Star Wars: The Force Awakens introduced a new ball-shaped robot, BB-8, to a galaxy far, far away. Coincidentally, researchers on Earth have proposed building a Mars rover that can transform into a ball to roll across the red planet. The scientists will detail their findings in the March-April issue of the journal Acta Astronautica.
“We’ve been working on a variety of spherical rovers for several years, so it was fun to see a spherical rover in Star Wars,” says Andre Mazzoleni, an aerospace engineer at North Carolina State University, who led the project. “Everyone in our lab is a huge Star Wars fan.”
All Mars rovers currently in operation are wheeled robots. Although these can wend their way through flat and moderately rough terrain, they are not designed to handle rugged environments with steep slopes, as they face the risk of toppling over. However, the most scientifically interesting missions could demand that rovers tackle the most rugged terrain on Mars, such as highlands, craters, and volcanoes, which could shed light on how the red planet has evolved over time.
In an effort to better tackle Mars’ harsh landscape, Mazzoleni and his former doctoral student Lionel Edwin developed a new concept called the Transforming Roving–Rolling Explorer (TRREx). This six-wheeled machine can move like a traditional rover over conventional terrain and transform itself into a sphere to roll down steep inclines–a bit like how armadillos can curl up into balls when threatened.
The wheels of the TRREx are mounted on eight legs. When the rover transforms into a ball, it steers itself by uncurling any one of its legs to shift its center of mass and roll in the direction it wants to move.
Although they appear similar, TRREx and BB-8 actually move in very different ways. By sticking its limbs out, the TRREx moves by tipping over, a bit like a gymnast tumbling down a track. In contrast, BB-8 moves by spinning wheels pressed against the inside of its shell, much like a hamster in a ball.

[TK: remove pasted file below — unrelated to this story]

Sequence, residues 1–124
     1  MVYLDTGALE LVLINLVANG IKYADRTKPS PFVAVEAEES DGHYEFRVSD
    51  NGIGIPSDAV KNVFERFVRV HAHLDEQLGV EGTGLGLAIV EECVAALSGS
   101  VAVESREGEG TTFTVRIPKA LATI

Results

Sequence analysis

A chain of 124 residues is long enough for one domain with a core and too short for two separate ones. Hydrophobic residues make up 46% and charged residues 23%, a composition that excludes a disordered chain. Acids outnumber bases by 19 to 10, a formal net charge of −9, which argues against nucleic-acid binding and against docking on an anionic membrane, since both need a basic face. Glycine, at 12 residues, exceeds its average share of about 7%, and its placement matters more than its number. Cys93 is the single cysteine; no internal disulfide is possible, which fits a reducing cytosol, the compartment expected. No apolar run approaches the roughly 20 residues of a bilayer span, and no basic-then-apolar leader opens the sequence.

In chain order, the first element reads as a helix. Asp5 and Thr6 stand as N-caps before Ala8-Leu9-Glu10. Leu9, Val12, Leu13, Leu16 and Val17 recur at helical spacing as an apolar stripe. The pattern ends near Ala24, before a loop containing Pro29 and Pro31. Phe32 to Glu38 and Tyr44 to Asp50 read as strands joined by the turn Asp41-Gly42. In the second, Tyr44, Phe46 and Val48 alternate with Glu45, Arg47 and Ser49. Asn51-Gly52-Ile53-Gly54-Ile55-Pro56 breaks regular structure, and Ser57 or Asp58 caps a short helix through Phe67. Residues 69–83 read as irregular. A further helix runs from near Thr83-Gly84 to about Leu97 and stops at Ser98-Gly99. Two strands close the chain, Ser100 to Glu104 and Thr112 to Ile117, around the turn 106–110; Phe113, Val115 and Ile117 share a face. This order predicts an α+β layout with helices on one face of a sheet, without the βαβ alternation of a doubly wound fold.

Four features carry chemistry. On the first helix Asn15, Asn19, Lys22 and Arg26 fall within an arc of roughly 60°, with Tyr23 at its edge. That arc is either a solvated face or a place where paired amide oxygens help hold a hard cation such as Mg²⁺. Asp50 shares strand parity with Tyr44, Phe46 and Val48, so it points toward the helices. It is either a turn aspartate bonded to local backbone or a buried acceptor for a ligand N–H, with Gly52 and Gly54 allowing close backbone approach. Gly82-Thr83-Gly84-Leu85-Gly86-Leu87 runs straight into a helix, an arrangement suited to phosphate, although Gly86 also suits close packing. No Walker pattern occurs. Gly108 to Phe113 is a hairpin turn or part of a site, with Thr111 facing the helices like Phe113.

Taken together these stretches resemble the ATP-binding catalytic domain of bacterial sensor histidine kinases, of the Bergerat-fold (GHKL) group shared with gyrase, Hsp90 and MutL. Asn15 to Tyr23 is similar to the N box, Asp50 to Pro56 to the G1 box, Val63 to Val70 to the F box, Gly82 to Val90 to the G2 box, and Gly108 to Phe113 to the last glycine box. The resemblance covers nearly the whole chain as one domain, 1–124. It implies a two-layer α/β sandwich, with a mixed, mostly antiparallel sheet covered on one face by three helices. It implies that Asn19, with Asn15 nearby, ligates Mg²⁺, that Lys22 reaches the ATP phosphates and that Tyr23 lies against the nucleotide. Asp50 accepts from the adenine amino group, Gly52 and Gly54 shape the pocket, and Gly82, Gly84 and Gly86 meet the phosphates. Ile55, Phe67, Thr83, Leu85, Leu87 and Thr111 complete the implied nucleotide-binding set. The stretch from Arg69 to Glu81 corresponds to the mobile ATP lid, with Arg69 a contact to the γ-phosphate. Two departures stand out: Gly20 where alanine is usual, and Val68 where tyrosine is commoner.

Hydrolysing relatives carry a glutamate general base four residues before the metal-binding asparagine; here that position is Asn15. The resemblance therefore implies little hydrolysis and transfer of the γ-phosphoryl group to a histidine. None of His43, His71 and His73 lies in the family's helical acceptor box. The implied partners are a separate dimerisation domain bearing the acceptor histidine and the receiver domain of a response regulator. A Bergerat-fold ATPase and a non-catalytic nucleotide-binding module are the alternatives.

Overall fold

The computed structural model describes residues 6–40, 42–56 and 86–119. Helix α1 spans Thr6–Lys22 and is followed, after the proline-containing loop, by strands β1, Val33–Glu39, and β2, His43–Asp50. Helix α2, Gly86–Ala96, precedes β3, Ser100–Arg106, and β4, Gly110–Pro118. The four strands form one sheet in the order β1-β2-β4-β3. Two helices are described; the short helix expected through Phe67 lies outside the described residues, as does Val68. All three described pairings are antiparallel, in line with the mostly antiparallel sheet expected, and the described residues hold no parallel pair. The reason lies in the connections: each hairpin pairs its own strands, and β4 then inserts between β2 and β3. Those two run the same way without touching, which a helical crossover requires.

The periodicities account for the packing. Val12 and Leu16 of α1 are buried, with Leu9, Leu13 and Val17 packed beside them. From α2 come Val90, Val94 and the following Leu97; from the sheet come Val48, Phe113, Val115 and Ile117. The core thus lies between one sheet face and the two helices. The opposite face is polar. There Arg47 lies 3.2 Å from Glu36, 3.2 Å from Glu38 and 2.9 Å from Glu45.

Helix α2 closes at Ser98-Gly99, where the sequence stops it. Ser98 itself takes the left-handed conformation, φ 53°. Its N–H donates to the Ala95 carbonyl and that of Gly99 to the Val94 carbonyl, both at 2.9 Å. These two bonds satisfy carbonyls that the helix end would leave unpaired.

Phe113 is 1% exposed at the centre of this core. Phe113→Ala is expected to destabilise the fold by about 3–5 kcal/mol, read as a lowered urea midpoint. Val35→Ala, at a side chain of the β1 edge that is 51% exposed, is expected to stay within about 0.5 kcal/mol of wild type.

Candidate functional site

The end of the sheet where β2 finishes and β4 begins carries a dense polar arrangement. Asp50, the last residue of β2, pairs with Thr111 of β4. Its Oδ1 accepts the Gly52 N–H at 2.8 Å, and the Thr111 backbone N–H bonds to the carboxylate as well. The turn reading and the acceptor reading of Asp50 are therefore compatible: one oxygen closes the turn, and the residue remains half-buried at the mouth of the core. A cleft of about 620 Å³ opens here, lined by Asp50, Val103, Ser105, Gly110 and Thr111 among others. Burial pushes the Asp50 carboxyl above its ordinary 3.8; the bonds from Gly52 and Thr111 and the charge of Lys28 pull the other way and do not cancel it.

“The primary inspiration [for TRREx] is the golden-wheel spider, which runs around on the tops of sand ridges like an ordinary desert spider until it senses danger, at which point it folds its legs to form a wheel so as to be able to roll rapidly down a hill to escape,” Mazzoleni says.
In computer simulations where TRREx was a ball about three to four feet wide and 70 to 130 pounds, the researchers found they could direct how the rover could veer left and right to avoid obstacles, and roll across flat rock or sand, down slopes, and even up inclines as steep as nine degrees, although for steeper inclines it could switch back to conventional rover mode.
“I would imagine BB-8 would struggle to climb up a moderately steep incline, but TRREx can easily navigate up a slope when in roving mode,” Mazzoleni says.
Other researchers have proposed spherical Mars rovers in the past, such as giant, lightweight, 20-foot-wide machines. Although such windblown tumbleweed-like rovers could travel great distances, they would be at the whim of the winds, unlike TRRex. “TRREx and Tumbleweed are not competitors, but rather are intended for different missions,” Mazzoleni says. “Tumbleweed rovers are intended to explore large areas, whereas TRREx rovers would be used to investigate very specific targets in areas that would be difficult to reach using traditional rovers.”
The researchers are now fabricating a 4-foot-wide prototype of TRREx out of aluminum that should weigh about 175 pounds; they hope to complete it later this spring, Mazzoleni says. Tests of the prototype will initially involve using a remote control to guide the rover down obstacle courses. After that, the scientists hope to incorporate cameras and computers into the rover so it can see and think for itself.
The researchers think the TRREx is best suited for missions that start at relatively high altitudes and have the rover go downhill over time, taking advantage of how it can roll like a ball to save fuel. Beyond Mars, Mazzoleni says, TRRex “could be used to explore any rocky planetary body, such as the moon, and could also be used on Earth in rugged terrain — for example, for search and rescue missions.”